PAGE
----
Honoring Omran Daqneesh: Translating Outrage To Action In Syria

At this point, the footage of 5-year-old Omran Daqneesh, who was rescued from the rubble of Russian airstrikes in Eastern Aleppo, has gone viral. Dazed, traumatized, yet completely silent, the video of Omran, like the picture of Alan Kurdi whose body was found washed upon a Turkish shore, has struck a chord. It has reminded the public that the war in Syria is still raging and that everyone, especially children, is suffering. In the wake of World Humanitarian Day, let's use this outrage and sadness to support civilians still in Syria, Syrian refugees in host countries, and refugees in the United States.

2016-08-23-1471921787-4929155-Choices.jpgPhoto courtesy of artist Khalid Albaih.

Helping Syrians in Syria

Despite the limitations on humanitarian aid entering Syria, several international non-governmental organizations (INGOs) like Save the Children, Mercy Corps and World Vision are providing goods and services to individuals in Syria and refugees in the surrounding countries and Europe. A list of INGOs and international organizations operating in Syria can be found here.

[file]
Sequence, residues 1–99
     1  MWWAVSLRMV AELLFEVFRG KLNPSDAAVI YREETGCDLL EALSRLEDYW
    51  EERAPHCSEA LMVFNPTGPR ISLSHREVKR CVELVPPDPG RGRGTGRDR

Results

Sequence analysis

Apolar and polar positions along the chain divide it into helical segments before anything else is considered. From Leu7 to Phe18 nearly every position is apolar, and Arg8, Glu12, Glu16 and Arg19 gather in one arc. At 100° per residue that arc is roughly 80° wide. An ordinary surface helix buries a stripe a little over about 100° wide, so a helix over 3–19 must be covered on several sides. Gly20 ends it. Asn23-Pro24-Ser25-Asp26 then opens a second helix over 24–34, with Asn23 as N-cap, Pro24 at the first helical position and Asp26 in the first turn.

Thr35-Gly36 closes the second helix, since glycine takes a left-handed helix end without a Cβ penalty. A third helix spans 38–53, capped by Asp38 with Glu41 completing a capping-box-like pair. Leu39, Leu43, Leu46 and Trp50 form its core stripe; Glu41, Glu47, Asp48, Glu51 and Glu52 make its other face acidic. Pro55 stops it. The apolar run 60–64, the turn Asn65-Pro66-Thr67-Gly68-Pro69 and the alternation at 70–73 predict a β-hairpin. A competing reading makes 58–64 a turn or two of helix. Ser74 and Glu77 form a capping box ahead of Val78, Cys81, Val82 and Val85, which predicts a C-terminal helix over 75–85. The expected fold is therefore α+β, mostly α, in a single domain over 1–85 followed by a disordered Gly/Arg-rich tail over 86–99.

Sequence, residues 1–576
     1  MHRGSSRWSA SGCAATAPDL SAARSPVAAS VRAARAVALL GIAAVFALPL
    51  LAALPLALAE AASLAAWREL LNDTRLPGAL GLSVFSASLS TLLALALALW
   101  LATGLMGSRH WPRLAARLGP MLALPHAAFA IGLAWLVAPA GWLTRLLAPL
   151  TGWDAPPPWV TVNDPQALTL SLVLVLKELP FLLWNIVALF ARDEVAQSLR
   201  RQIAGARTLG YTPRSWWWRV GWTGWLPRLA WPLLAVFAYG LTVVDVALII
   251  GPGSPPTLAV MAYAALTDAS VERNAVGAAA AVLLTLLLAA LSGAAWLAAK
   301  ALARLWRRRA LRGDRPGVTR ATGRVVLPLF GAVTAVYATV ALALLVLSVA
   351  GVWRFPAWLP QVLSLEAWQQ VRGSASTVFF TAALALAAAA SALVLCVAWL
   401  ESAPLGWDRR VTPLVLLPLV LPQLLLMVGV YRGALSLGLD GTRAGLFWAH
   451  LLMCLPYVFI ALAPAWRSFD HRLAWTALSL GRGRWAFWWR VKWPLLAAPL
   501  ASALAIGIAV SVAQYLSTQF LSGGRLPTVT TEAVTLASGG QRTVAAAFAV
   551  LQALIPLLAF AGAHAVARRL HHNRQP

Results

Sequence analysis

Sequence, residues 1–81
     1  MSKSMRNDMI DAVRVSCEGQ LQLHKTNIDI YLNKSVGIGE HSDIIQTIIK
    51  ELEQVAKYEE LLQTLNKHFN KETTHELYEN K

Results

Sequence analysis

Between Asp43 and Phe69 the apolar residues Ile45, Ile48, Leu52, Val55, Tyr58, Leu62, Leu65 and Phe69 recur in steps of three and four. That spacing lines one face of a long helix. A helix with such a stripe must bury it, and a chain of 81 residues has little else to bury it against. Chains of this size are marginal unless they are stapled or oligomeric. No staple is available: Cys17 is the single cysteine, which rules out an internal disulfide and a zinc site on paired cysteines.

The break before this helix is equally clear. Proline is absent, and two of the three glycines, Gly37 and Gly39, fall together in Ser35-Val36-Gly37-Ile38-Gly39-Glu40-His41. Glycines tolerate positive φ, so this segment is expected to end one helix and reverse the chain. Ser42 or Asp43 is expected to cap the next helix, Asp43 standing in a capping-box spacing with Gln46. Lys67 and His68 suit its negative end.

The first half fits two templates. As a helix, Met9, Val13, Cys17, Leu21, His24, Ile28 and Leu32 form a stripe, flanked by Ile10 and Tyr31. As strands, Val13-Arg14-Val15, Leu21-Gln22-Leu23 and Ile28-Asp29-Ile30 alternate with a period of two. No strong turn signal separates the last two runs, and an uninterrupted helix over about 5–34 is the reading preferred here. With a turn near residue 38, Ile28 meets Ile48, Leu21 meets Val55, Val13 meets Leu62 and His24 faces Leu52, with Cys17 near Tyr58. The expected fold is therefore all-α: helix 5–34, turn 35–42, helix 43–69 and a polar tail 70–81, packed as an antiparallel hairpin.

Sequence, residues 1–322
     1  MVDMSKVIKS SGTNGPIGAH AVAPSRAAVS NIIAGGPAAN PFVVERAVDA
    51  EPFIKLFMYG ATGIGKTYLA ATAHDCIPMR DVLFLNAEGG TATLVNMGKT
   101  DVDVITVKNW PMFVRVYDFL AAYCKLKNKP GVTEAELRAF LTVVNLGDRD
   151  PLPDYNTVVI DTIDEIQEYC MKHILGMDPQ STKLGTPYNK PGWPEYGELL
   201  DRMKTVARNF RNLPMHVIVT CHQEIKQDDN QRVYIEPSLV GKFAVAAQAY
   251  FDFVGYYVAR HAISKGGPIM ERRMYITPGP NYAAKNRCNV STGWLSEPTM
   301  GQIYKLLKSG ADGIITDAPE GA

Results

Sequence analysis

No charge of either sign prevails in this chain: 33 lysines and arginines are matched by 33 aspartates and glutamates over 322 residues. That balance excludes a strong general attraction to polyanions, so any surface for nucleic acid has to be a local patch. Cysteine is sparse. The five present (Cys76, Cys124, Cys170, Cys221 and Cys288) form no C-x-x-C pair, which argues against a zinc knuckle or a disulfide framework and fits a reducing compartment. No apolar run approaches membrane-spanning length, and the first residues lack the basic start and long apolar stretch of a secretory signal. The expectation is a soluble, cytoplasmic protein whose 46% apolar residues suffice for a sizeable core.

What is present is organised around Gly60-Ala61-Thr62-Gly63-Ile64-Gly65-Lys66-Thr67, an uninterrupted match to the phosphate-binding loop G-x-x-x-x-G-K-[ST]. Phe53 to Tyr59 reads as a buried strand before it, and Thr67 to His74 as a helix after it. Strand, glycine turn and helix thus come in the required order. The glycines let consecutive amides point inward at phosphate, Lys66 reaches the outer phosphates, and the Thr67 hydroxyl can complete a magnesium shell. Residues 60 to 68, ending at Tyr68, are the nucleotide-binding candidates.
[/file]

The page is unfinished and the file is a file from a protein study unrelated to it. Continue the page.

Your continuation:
U.S.-based non-profits like the Karam Foundation and NuDay Syria are using their extensive networks in Syria and in neighboring host countries to deliver necessary aid. The Karam Foundation is running an Emergency Aid donation drive for children in Aleppo and among other programs, a family sponsorship program, which provides refugee families in Turkey a stipend on the condition that they send their children to school. You can contribute to NuDay Syria's efforts by donating to their infant formula, water well and medical relief projects for families in Syria and their school and women's social business programs in Turkey. If you are in New England, you can also donate gently used clothing, toys, and bedding and/or volunteer to sort and pack these items for shipment to Syria.